There are two ways to live your life. One is expressed in a biblical image from the Book of Genesis. After sin, man, knowing that it is wrong, that order, harmony in the world, and relationships are disturbed, hears that God is coming. What will he do? Hiding. Yes, this is one possible alternative to living life – to hide from God, to live on the run from him, and it can go so far as to declare that there is no God. The second way to live life is expressed in the image of a chosen people who, after liberation from Egypt, travel through the desert to the promised land. He’s not there yet, but he’s on his way. He knows where he’s going, he has to work hard, and sometimes very hard, but he knows what the point is. He goes… And even when he is tired or disgusted or wakes up, he always re-motivates himself and steps forward. And God feeds him on this path… This is a picture of a well-understood existence: To be a pilgrim.
We are used to calling the deed of Jesus a miraculous multiplication of bread. It is close to us because we would like to have a God who will do for himself what transcends us, what we cannot do. But it is interesting that the evangelist deliberately avoids the verb “reproduction.” He uses other verbs… It does not satisfy our curiosity and natural desire for sensations (we would like to know what was done in Jesus’ hands, what “technique” he used… The author focuses more on helpful descriptions, which reveal our mentality, which we are to adopt if we want to belong to those saved, new people.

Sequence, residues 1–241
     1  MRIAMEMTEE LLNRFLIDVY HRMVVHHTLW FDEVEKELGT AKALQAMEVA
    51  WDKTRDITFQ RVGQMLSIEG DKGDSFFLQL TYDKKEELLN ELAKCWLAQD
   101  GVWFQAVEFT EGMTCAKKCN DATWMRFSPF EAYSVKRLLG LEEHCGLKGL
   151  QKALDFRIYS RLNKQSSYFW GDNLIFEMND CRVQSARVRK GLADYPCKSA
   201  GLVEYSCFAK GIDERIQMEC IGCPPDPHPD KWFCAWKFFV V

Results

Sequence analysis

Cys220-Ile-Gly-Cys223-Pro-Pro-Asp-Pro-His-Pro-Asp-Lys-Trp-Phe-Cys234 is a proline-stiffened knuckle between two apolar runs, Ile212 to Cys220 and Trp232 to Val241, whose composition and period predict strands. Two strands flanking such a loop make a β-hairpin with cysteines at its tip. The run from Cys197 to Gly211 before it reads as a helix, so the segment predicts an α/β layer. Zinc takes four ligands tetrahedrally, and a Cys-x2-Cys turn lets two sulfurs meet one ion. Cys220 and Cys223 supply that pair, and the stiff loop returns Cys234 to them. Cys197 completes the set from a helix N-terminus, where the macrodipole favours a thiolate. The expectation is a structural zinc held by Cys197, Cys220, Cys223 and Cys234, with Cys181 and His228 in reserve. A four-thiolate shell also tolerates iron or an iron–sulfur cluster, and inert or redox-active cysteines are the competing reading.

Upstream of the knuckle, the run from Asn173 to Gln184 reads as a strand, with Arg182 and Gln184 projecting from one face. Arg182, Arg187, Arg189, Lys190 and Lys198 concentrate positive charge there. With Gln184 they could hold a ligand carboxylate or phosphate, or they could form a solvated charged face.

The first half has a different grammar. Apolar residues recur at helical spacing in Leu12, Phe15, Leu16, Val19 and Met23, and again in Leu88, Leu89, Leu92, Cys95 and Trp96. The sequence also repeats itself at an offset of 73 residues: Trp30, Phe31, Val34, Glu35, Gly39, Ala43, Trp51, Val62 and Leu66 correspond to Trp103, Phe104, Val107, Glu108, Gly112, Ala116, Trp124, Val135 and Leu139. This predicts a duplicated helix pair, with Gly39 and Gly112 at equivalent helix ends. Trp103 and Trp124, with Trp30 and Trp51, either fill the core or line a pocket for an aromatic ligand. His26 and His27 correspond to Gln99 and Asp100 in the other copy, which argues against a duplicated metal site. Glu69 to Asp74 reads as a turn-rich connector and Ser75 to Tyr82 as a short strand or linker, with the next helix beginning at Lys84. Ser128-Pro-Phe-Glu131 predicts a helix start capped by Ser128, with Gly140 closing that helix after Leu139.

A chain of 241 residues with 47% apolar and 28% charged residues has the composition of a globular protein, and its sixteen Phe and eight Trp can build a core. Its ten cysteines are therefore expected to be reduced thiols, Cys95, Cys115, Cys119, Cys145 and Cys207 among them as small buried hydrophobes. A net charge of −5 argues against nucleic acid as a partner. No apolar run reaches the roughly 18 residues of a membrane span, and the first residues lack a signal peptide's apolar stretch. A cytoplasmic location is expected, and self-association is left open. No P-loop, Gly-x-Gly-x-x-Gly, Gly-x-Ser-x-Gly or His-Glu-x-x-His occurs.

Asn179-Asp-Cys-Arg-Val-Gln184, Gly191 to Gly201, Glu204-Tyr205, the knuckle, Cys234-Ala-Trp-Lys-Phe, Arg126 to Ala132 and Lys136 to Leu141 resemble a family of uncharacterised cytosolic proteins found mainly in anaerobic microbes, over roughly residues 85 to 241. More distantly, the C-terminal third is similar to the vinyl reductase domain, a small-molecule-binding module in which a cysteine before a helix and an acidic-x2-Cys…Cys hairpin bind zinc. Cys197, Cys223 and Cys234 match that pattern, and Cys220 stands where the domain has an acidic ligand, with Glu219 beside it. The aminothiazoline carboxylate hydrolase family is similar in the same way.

First, Jesus tests his provocative question, “Where do we buy bread to eat?” This corresponds to the mentality of the old world, in which it works that man perfectly
He can accumulate indefinitely and long-term hard and cold money. He exchanges in good time for a soft, tasty bread that cannot be collected because it is perishable… Philip calculates to finally conclude that everyone must come to if he wants to be God: We can’t solve it; this task is beyond us. This is the first step. Andrew takes the second step, coming up with a proposal that is not enough to solve the problem, but it is at least something, in fact, everything that can be done.
Part of the rescue plan is a boy, a young man. It is a popular way of (symbolic) action to save God; let’s mention the young David fighting against Goliath…
The young man is a symbol of a new person. The child does not perceive the problem yet. The old man perceives him, sometimes too much a, and muddles, speculates, tries to save at least himself “his own,” or resigns. The young man will do what he can, make available what little he has. And things move…
The evangelist does not say that Jesus multiplied bread and fish. It uses other verbs…
He “took” the bread that was given to him.
“He gave thanks”… God is here… It’s his fight…
“He gave away”… is an essential verb… He who wants to accumulate, collect, turn bread into money loses… Let us remember the story of manna, which is a forerunner of the story of Jesus… Who wanted to order more, so that he also has to stockpile had an “iron reserve,” it went wrong…
And everything was enough, abundant. God acts is not an emergency, but it must not be wasted, hence collecting detachments.
This is a story of crowding satiety, which is an instruction of the mentality of the new, transformed world of those who are saved and wander…
How did the audience understand him then?
Jesus’ contemporaries did not understand the story of the satiety of the crowds, so he left them… How do we know this important story?
When we look at old photographs, they evoke memories of what we have experienced and what we know… And emotions… The stronger the story, the more vivid, more prosperous, and powerful the memories are.